Legal

So you or a loved one is diagnosed with Parkinson’s.

The first thing, of course, is to do your best to get the right medical help.

  • While there is some basic information about the diagnosis and treatment that is important to know, what will become clear is that every case of Parkinson’s is different.
  • The diagnosis will lead to treatment recommendations tied to the individual’s symptoms and needs, and will vary over time as the disease process unfolds and/or treatment options change.
  • Patients and caregivers alike do their best when gathering a baseline of medical knowledge and then focusing their attention on the needs at hand.

The model of approaching the medical considerations of a diagnosis also applies to the legal, financial, insurance and other practical aspects of managing life with a chronic, progressive condition.

  • Just as there is no one-size-fits-all medical solution, there is no single answer as to how to best approach these and other very real world concerns.
  • This often causes people to stay in denial until pushed into action, at which point they may make unwise, rash decisions, or simply miss opportunities to best structure approaches that will maximize their resources and attend to their needs.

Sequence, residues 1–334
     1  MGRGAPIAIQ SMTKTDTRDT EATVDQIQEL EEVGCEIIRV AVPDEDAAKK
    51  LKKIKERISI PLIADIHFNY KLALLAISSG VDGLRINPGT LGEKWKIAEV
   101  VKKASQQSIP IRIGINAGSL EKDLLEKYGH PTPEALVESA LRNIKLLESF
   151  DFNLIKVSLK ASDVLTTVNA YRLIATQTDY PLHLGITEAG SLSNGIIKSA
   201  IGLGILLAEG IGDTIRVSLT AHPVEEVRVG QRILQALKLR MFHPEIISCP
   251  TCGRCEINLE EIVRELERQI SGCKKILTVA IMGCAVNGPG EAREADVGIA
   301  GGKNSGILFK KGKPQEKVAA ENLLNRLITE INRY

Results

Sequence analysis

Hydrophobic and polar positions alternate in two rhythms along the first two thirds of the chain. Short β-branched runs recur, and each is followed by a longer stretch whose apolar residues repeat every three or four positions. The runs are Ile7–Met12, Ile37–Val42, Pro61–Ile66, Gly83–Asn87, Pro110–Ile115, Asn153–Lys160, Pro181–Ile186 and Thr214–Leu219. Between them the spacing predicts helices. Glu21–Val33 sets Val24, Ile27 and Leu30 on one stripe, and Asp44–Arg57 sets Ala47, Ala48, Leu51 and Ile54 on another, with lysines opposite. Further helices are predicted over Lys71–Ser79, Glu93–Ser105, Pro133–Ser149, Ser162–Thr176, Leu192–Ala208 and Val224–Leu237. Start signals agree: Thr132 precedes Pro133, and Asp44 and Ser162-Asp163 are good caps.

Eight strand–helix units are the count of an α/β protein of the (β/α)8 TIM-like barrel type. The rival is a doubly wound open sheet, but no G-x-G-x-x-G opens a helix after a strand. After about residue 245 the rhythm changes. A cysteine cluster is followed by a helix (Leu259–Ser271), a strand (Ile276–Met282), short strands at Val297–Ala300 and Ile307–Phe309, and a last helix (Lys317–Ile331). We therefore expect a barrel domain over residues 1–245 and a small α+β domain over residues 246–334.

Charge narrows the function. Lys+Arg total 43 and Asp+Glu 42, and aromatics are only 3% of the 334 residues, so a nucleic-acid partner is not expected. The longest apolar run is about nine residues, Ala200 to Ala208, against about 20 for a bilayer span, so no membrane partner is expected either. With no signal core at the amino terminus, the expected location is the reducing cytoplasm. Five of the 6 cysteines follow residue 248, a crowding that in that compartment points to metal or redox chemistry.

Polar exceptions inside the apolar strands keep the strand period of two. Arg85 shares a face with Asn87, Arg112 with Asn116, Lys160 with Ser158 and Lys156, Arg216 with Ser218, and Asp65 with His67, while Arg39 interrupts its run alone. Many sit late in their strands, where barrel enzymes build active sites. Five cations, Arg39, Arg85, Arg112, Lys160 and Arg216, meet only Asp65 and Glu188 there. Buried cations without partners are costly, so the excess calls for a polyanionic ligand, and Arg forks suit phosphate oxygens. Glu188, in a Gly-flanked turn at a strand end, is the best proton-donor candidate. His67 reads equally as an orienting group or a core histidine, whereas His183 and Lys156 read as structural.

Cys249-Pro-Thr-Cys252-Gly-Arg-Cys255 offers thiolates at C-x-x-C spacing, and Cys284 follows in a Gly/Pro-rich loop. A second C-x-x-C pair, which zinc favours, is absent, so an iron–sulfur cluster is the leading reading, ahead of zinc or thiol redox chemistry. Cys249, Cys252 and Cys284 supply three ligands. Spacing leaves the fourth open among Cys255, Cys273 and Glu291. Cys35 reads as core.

• Even worse, denial adds stress, which can exacerbate symptoms and complicate the disease management process.

The good news is that there is some basic information about all of these concerns, coupled with resources to help better define your situation and can take much of the mystery away.

  • Becoming familiar with the basics, and your options, can help you feel more secure.
  • It can also help you to know when you need to reach out for expert help, and how to find the right resources to make your management of these matters as smooth as possible.

UNDERSTANDING YOUR RIGHTS

At the core of most legal questions that people with Parkinson’s (PWPs) or their caregivers ask is the fundamental inquiry “What are my Rights?” There are, indeed, a number of legal rights that both individuals and their caregivers may have. As you might expect, however, the sources and extent of those rights may vary for a number of reasons.

This Legal section will give you a greater understanding of:

Content for this section provided by Mark Rubin, J.D., Chair of NPF’s 5th Annual YOPN Conference, who has had PD since 1997.  Thanks to Claudia Center, J.D., The Legal Aid Society--Employment Law Center and Allsup, Inc. for contributions in their area of expertise.

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